Have you ever watched the TLC show “Say Yes to the Dress”? It’s a reality show filmed in an expensive bridal shop in NYC. They follow various brides as they go through the process of choosing their wedding dress. And of course, there is always a lot of drama involved: spoiled brat brides . . . ridiculous family members and friends making the process difficult . . . you know how reality TV goes.
I can’t help but watch this show and think, “What a waste.” Thousands and thousands of dollars for a dress that you wear once. I know the wedding day is important – I understand spending a lot on a dress. But I don’t understand spending as much on your wedding dress as you would spend, say, on a brand new car. A car has a big impact on the way you live your life; a dress makes you look beautiful for one day. And no woman needs a several-thousand-dollar dress to look beautiful on their wedding day.
In my near decade as a Creative Memories consultant, I helped a lot of women preserve their wedding pictures in scrapbooks. I saw a lot of lovely pictures, heard a lot of wonderful memories. But one thing I never once heard anyone say is, “Gee, I wish we’d spent more money on our wedding. I wish I had insisted on having the ultimate and the best of everything.” But I heard many, many women say, “Man, I wish we’d spent less money. I wish we’d taken some of that and put it on a down payment on our house – that would had much more impact on the rest of our lives together than those exclusively designed, hand-made hairpieces I special-ordered for my ten bridesmaids.”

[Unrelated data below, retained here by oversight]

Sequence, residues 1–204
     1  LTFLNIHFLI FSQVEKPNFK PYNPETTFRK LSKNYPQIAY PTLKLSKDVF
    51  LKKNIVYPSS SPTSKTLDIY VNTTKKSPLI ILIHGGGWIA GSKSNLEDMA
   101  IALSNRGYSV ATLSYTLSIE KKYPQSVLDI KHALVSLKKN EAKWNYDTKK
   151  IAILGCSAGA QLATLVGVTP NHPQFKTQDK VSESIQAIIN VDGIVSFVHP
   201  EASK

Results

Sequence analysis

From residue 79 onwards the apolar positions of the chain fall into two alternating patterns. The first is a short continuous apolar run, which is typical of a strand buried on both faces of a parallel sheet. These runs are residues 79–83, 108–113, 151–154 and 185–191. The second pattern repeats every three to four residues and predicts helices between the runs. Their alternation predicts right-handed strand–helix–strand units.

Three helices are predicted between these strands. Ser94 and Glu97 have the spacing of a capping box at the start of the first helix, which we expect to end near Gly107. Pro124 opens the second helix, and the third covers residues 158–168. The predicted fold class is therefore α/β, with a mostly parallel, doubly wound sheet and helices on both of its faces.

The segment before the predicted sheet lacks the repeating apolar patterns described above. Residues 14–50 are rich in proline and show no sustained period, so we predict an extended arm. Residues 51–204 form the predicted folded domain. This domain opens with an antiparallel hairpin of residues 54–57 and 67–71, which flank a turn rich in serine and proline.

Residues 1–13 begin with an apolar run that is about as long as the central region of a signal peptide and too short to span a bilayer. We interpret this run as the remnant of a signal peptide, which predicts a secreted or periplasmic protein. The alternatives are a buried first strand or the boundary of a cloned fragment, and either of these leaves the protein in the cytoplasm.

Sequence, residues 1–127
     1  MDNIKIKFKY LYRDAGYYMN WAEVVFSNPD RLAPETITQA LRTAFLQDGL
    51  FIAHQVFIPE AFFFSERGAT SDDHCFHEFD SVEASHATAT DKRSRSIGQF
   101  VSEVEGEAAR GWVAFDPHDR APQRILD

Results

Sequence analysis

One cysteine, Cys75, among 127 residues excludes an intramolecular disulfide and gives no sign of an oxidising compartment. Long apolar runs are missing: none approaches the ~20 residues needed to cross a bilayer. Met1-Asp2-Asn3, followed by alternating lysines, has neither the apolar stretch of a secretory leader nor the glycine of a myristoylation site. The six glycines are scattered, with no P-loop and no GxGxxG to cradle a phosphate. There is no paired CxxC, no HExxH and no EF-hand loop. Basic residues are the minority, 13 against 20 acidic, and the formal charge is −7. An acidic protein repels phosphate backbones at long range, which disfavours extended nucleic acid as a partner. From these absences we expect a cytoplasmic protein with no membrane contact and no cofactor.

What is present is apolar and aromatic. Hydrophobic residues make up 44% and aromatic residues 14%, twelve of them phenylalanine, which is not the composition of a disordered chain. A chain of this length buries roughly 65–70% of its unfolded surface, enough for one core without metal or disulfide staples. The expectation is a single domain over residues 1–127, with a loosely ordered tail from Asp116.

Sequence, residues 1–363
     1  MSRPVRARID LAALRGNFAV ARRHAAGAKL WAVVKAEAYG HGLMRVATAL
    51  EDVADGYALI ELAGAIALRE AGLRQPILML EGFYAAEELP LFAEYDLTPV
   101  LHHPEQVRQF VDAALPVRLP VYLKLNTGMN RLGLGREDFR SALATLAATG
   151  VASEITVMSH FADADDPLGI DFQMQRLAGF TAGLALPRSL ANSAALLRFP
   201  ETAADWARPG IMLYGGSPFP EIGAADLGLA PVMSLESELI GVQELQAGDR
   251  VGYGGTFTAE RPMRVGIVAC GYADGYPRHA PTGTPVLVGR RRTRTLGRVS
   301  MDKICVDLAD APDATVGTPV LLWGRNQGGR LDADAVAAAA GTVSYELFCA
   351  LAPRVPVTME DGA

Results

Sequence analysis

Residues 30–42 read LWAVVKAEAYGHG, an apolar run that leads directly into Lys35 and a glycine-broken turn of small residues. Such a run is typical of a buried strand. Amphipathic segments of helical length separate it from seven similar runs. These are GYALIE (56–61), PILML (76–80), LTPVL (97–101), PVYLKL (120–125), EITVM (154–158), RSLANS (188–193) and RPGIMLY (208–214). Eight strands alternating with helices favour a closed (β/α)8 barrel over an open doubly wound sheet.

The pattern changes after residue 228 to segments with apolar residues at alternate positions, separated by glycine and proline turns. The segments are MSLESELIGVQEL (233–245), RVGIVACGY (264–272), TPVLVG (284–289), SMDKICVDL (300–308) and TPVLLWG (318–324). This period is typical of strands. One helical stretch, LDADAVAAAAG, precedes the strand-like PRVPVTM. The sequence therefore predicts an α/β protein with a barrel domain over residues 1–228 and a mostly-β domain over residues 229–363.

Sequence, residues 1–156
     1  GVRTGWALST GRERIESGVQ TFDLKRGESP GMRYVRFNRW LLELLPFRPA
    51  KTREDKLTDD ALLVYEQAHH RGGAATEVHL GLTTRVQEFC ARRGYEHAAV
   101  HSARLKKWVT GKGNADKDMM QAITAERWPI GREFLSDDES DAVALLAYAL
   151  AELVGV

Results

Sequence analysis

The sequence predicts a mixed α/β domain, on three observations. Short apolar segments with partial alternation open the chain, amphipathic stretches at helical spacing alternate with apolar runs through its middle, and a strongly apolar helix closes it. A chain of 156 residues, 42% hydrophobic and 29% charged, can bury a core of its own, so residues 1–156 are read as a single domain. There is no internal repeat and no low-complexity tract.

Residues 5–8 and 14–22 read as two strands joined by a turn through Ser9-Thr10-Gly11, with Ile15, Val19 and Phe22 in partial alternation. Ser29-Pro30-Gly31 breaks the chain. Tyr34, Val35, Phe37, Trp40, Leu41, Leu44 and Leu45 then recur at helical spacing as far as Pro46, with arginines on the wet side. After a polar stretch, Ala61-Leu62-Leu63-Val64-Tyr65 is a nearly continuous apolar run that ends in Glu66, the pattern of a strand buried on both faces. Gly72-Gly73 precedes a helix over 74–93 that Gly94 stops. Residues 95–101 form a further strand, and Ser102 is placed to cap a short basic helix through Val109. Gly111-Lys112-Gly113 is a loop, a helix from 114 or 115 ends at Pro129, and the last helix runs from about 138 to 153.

I may just be too dang practical. But I don’t think so. I feel the same way about everyday romance. I told my husband long ago that flowers are nice, but they aren’t my preference for a romantic gift. Especially not roses. Fifty bucks for a dozen flowers that will die in a week or so? Silly.
Chocolates? Okay, I’ll admit – I’m a chocolate fan. (I also like those conversation hearts a lot.) But again, they are gone in a week. Okay, in a couple days. Okay, maybe less.
If he’s going to spend that kind of money on me, I’d rather have a couple books that I take my time to read, that I can read over again, and that truly enrich my mind and heart for the long term. Or even better, give me an experience rather than a thing: take me to the theater, or out to a nice dinner, something like that. I know that seems inconsistent – dinner doesn’t last as long as the flowers – but dinner includes conversation, interaction, connection.
Even better – a letter. A really meaningful letter that I can read over and over. Not a card with somebody else’s words.
And yes – ahem – it is merely a coincidence that I’m writing this shortly before Valentine’s Day . . .